Here’s an interesting article, a lengthy, in-depth piece by Kihm Winship entitled Malt Liquor: A History. This is not the first time he’s written about malt liquor. In 2005, he did an article for All About Beer magazine with similar themes, entitled A Story without Heroes: The Cautionary Tale of Malt Liquor. They’re both worth a read, though you may need a drink afterwards, so keep 40 ounces of something handy.
Newer article is an expanded version of the 2005 one (there’s much of the 2005 text in the latter one). Good stuff – but there’s another story out there yet to be told about the economics of the low-income folks:
Back in the 70’s, the average street bum (“homeless” wasn’t yet a sociological buzzword & almost all were white) drank cheap fortified wine, which cost <$2/fifth (25.6 ozs). That stuff now is $4+ (w/sales tax added), & choices are minimal – Italian Swiss is long-gone; Gallo's pretty much gone upscale (no more Thunderbird & cheap port/sherry) – their "cheapies", labeled "Livingston", cost around $5 out the door. What's left are Irish Rose & Night Train, which can't be found, except in corner markets. "Winos" don't drink 2 Buck Chuck (which is now $2.49) or Carlo Rossi (Gallo's down-scale brand of dry wine) – they want the big sweet buzz.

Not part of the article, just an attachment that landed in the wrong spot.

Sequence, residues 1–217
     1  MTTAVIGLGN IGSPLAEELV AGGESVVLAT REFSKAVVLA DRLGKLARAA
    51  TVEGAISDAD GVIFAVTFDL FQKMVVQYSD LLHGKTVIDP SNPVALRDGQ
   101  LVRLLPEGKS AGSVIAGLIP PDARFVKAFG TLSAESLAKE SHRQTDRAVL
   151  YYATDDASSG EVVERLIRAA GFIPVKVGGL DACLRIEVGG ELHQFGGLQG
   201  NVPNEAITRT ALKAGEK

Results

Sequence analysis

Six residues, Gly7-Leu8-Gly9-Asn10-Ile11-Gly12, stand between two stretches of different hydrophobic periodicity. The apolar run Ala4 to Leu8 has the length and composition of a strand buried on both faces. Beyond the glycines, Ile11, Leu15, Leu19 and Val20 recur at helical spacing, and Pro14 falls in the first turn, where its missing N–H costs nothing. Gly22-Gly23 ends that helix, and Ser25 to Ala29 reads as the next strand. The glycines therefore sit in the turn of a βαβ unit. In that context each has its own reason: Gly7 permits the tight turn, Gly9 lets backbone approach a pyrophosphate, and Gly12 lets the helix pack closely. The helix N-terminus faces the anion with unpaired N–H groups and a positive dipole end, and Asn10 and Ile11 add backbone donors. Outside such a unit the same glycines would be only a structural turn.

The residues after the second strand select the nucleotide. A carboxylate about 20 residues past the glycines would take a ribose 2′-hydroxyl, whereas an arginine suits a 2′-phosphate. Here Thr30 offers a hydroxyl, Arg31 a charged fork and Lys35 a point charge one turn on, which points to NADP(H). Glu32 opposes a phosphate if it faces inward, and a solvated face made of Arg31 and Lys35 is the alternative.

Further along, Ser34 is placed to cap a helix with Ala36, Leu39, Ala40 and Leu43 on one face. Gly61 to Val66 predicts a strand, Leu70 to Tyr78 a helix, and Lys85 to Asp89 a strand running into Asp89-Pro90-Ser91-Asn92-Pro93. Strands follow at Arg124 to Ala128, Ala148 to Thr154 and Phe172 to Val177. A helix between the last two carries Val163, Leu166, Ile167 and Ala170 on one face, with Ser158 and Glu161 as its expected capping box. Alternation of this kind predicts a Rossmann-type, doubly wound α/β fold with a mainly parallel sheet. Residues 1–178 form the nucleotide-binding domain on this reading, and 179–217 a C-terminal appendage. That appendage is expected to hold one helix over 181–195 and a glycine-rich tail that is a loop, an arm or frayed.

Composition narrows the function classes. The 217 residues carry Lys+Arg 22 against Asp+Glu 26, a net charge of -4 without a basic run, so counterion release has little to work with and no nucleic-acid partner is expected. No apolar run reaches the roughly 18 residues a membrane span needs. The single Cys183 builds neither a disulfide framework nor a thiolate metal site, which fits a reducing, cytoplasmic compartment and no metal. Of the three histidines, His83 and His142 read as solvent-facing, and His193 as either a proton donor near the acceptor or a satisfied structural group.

40-oz malt liquor is no more than $3 & 24-oz cans are around $2. Further, the "bum" populace surely is larger %-wise relative to the general populace now than then – so "buzz for the buck" has kicked over to malt liquor. Same probably holds true for housed low-income folks.
Bum wine is still available at many major liquor stores in my area. One thing that is interesting is that all bum wine and malt liquor is right at the front of the store near the entrance, presumably to keep the bum from milling around and bothering the more legitimate customers. He can walk in, grab his Mad Dog 20/20 and go to the cashier in less than 20 footsteps.
Of course in the more ethnic areas its widely available, and the more upscale places don’t carry it or if they do its hidden in the back on some bottom shelf and the bottles are usually dusty.